TM129 says “Hello Linux”

Photo by Michael Dziedzic on Unsplash

It is with a sigh of relief that I say goodbye to robotics and hello to Linux and operating systems generally. Certainly, I have never been happier to hand in and see the back of a TMA.

I did manage to come up with something for the question on the practical activities for the robotics block. Only time will tell how that goes. Reassuringly, both Python programs I had to come up with did work. This is usually a good sign.

Overall, I had high hopes for robotics but, somehow, it did not quite live up to my admittedly high expectations. Nevertheless, I can say that it did not put me off robotics or programming. And I did appreciate the challenge presented by the robotics block.

Onto Linux and, at first glance, the reading can appear quite dry. However, I am finding it fascinating learning how computers work ‘under the hood’ so to speak. There is also a practical element, using the Linux command line interface (CLI).

There is a lot of material to cover. Each week is divided into two or three sections of reading and practical activities. All of this is provided online. Sadly, there are no books. So, I have created my own by printing out each section and organising it in a folder. It really does make a difference. I had difficulty trying to do this with the practical activities for the robotics block; the Juptyer notebooks were a formatting nightmare!

I have had some experience of using the command line interface from the networking block. However, the Linux block takes this further, and I get to create my own, albeit them simple, programs. There is also a bit of maths thrown in for good measure, mainly binary maths. If you have studied TM111 and TM112, then this should not be a problem. I would recommend hanging onto the Using Maths booklet they give you for those earlier modules; it comes in very handy for a quick reminder.

As it is early days yet for the Linux block, I have not much to say about TMA 3. The format seems like TMA 2. There are short questions on the theoretical content, one on the practical activities, an essay writing question and the reflective e-Portfolio questions. As usual, I wonder how I am ever going to answer these questions. Yet, from experience, this tends to become clearer as I get more familiar with the course material.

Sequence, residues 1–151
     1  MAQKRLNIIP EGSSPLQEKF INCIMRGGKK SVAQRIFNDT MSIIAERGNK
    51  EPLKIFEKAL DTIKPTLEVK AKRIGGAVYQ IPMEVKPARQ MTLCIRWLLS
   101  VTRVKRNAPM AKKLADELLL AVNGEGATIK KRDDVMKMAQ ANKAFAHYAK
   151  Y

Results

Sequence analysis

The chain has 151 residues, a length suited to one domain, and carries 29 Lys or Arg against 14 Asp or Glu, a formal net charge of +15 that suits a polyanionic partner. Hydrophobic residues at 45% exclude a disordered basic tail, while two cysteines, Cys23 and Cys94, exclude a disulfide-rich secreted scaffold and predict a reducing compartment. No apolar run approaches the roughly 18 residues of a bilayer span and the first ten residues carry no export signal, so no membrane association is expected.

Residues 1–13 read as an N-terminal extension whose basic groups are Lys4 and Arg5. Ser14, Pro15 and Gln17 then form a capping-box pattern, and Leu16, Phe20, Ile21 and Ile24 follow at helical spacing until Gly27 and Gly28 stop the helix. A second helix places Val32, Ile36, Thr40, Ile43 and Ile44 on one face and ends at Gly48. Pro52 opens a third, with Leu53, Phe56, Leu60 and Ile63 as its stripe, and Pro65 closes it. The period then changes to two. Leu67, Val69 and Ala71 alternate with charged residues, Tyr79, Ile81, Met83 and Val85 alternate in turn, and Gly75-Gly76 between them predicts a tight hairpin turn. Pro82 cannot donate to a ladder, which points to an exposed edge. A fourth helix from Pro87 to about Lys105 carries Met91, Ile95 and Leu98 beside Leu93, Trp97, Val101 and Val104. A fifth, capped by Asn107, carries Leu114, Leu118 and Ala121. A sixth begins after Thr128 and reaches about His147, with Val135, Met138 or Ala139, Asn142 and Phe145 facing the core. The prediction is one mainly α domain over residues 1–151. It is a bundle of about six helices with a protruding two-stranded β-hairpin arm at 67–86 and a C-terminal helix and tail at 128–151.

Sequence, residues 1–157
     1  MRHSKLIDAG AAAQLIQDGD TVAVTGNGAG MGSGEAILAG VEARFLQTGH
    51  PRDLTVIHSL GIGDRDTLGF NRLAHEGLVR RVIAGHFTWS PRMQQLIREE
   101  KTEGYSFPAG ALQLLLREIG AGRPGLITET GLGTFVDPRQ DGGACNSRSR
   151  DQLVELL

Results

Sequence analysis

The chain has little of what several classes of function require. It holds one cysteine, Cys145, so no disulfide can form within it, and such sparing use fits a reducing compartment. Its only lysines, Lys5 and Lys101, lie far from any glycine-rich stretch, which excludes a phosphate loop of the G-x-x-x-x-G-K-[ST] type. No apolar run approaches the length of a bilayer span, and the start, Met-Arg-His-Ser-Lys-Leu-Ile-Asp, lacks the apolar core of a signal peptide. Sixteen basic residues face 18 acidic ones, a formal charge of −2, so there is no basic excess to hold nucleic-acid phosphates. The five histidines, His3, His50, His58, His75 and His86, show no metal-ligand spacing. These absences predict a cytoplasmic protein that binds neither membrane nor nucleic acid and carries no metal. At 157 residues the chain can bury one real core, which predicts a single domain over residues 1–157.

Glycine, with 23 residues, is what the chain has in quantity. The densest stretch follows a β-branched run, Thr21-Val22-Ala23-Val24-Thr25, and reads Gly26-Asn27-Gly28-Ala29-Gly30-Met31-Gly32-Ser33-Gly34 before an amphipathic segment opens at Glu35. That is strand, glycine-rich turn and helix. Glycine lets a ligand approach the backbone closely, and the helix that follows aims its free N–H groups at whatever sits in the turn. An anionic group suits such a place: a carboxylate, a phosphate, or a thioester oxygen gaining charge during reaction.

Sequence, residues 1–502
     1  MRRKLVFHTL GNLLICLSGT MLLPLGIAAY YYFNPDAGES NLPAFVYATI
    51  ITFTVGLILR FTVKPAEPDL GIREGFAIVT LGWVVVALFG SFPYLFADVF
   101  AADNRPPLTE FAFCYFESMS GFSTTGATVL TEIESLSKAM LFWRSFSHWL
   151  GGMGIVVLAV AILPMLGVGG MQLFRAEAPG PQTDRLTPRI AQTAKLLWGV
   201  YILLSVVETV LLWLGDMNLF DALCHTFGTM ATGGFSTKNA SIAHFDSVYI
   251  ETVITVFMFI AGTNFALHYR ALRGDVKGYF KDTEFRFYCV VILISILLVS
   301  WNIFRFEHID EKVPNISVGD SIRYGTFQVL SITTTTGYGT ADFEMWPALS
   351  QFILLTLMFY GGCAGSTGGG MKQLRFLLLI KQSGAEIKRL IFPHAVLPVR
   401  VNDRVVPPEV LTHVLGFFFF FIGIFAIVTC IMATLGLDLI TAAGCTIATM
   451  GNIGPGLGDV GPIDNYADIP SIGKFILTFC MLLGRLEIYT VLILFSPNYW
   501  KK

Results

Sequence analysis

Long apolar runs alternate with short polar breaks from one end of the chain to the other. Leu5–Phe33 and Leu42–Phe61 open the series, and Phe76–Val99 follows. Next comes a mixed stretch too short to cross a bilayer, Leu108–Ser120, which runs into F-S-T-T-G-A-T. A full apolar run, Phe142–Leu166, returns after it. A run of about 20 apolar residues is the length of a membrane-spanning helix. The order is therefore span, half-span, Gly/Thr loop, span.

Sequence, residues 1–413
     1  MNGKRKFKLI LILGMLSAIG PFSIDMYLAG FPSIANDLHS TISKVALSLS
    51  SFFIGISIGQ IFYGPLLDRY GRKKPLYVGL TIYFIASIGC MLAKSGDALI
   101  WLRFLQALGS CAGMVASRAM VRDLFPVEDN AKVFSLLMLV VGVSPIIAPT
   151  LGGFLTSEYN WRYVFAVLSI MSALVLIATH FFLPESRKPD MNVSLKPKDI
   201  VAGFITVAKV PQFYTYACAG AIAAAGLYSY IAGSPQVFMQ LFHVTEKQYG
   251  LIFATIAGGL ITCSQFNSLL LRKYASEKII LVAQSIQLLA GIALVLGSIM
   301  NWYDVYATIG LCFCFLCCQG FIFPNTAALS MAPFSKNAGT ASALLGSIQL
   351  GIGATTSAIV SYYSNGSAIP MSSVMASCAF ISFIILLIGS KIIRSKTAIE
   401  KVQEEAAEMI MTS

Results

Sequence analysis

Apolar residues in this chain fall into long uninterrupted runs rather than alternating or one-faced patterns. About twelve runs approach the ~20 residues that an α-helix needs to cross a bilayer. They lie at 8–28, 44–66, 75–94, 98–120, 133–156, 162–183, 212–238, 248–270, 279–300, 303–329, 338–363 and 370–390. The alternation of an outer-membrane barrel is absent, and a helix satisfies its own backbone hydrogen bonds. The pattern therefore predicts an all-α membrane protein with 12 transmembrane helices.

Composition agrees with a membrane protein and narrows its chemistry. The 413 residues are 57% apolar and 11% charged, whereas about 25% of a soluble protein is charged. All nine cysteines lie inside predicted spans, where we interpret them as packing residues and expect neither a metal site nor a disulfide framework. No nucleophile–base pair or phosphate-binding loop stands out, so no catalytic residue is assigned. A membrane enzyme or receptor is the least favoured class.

Next month, it will be decision time. TM129 is my final stage one module. I will need to choose the first two of the four modules I will need to study in stage two. I am on the broad route through the Q62 Computing and IT degree, with a computer science focus. Thus, I will have to study M250 Object-oriented Java programming and M269 Algorithms, data structures and computability.

Registration for modules starting in October opens around the middle of March (date to be confirmed). I like to book early. Especially now, given the growing popularity of remote learning and studying at the Open University over the last year.

It looks like some new stage two and three modules will be debuting. For stage two, this includes TM256 Cybersecurity (starting February 2022). For stage three, this includes TM358 Machine Learning and Artificial Intelligence (starting October 2021) and TM359 Systems Penetration Testing (starting February 2023). There are scant details at the time of writing, but I expect these to become available when module registration opens.

Leave a comment

Your email address will not be published. Required fields are marked *

This site uses Akismet to reduce spam. Learn how your comment data is processed.